comments powered by
Posted December 6th, 2012
There is a lot of discussion by financial advisors on the value of a participating life insurance policy compared to a non-participating policy. Generally a participating life insurance policy involves the insurance company paying the policyholder a share of the dividends created by the insurance contract. The method and timing of the payments vary based on policy type and contract stipulations.
Some advisors counsel against participating policies. Their mantra of “buying term and investing the rest” had a lot of followers during the stock market expansion. As the investment market grew during the 80’s and 90’s, the slimmer returns of a participating or a “whole life” insurance policy fell out of favor. But with the slide of market returns the usually more conservative return of a participating policy has seen an upsurge in sales.
When the effect of taxes on investment income is taken into account, many counselors feel that the gap between a users directed investment and the result of a participating life insurance policy are minimal. If you then consider the additional real benefit of having the accompanying life insurance policy in force during the policy period, they feel the benefits outstrip the higher risked user investment. If the advantage of long term insurability is considered (Term life policies are subject to renewal underwriting) the advantage is even greater.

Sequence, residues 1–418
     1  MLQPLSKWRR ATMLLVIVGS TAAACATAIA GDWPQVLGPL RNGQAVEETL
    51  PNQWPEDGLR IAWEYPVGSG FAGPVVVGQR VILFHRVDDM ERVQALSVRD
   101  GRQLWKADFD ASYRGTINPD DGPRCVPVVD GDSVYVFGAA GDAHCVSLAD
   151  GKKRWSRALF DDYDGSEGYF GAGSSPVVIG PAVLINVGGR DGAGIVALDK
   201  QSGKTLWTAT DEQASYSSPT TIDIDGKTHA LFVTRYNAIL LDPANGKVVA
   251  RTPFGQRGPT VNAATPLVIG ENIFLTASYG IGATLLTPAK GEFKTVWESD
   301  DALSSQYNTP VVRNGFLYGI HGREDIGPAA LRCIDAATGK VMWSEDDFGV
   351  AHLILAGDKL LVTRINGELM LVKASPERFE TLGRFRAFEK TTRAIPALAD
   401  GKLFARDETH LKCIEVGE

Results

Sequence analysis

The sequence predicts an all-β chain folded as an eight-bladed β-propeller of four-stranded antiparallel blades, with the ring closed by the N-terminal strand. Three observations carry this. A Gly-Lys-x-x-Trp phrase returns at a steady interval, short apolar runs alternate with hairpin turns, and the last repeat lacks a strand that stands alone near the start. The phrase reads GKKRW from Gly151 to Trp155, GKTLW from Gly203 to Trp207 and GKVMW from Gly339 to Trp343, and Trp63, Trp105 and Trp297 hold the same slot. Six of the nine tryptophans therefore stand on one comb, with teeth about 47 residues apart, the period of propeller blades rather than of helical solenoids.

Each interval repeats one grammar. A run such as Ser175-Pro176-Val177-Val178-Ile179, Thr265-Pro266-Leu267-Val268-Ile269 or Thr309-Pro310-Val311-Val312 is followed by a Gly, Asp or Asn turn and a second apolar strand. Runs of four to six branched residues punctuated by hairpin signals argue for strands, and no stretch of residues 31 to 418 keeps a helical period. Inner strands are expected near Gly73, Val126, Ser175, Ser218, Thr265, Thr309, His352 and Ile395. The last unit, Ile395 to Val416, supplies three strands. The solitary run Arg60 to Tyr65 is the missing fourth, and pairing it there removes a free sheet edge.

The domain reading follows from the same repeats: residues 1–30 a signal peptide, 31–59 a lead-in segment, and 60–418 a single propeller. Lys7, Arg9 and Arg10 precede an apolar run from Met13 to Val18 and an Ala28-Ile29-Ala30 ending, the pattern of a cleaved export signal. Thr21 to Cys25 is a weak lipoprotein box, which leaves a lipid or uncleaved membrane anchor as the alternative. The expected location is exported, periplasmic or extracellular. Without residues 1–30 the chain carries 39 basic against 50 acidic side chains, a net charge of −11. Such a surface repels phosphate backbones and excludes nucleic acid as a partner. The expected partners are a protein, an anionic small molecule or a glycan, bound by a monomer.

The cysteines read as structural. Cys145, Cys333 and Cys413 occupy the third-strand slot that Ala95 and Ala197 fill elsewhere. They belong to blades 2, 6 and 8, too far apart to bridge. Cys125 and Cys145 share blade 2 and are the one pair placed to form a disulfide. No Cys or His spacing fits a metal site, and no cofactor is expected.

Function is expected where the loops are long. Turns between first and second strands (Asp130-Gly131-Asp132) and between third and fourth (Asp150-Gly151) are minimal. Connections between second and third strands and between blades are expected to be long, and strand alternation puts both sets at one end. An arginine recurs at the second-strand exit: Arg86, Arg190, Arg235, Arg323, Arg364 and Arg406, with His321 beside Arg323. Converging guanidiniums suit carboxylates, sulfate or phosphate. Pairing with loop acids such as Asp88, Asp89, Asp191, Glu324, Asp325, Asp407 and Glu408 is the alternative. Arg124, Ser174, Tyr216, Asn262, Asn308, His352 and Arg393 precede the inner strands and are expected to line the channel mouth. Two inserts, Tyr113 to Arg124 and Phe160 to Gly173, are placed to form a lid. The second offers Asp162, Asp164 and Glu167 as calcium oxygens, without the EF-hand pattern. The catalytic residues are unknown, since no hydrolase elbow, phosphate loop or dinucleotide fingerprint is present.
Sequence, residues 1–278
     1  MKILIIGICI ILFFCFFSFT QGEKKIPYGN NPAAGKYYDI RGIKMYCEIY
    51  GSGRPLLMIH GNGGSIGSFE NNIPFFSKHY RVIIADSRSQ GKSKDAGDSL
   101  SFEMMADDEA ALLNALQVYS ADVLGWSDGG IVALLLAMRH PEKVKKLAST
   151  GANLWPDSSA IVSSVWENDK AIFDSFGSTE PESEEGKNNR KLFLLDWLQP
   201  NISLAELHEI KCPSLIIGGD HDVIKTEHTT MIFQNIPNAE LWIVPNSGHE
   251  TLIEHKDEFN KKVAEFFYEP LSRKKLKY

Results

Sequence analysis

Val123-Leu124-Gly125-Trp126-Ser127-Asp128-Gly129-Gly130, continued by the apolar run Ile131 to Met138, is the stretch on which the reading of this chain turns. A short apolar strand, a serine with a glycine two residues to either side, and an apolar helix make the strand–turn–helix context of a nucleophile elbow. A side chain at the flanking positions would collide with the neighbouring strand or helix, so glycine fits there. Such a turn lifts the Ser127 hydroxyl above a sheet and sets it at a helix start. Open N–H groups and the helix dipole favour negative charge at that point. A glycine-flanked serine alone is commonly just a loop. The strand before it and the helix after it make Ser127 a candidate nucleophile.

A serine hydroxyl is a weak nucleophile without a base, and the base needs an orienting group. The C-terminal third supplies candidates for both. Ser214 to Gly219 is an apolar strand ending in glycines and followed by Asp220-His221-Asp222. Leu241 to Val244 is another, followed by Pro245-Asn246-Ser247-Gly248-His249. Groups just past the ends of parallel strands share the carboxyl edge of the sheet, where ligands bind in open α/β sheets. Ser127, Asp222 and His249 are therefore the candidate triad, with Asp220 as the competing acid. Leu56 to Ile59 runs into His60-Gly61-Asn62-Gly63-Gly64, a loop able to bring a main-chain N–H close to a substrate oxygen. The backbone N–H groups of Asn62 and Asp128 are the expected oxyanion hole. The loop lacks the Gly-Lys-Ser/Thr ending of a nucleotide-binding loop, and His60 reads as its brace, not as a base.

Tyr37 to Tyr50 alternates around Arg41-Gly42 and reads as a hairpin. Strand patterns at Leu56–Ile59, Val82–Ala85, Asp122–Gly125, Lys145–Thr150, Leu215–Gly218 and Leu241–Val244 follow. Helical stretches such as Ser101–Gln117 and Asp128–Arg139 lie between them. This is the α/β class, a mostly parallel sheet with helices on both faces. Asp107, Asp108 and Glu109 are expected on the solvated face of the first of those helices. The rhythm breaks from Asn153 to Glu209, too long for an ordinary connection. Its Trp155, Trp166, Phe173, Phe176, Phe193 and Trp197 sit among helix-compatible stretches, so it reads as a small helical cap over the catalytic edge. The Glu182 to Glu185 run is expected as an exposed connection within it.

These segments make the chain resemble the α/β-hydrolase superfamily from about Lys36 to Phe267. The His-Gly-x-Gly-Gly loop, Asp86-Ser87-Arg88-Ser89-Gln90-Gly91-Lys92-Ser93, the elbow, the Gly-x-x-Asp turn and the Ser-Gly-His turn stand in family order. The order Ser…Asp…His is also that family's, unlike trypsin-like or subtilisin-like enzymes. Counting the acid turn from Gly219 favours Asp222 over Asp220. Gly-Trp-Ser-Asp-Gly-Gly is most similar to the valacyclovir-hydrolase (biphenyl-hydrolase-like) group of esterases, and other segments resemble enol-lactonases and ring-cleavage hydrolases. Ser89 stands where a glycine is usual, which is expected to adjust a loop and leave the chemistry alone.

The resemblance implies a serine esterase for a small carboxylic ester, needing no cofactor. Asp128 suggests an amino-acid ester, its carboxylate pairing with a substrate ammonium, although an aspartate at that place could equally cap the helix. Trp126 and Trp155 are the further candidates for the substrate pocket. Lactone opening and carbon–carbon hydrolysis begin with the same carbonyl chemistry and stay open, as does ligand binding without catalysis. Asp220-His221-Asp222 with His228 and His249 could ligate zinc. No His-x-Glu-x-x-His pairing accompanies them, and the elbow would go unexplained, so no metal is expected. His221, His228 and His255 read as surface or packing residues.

While financial planners disagree on which type of life insurance should be used for your long term economic plan, all agree that some form of life insurance should remain one of the pillars in a successful economic plan. Your local independent life insurance agent can put together proposals utilizing both different forms of insurance and point out the benefits and problems associated with that investment vehicle.
Because he is an independent agent he can compare the market and work out a solution for you, whether you wish to participate in the life insurance policy or not.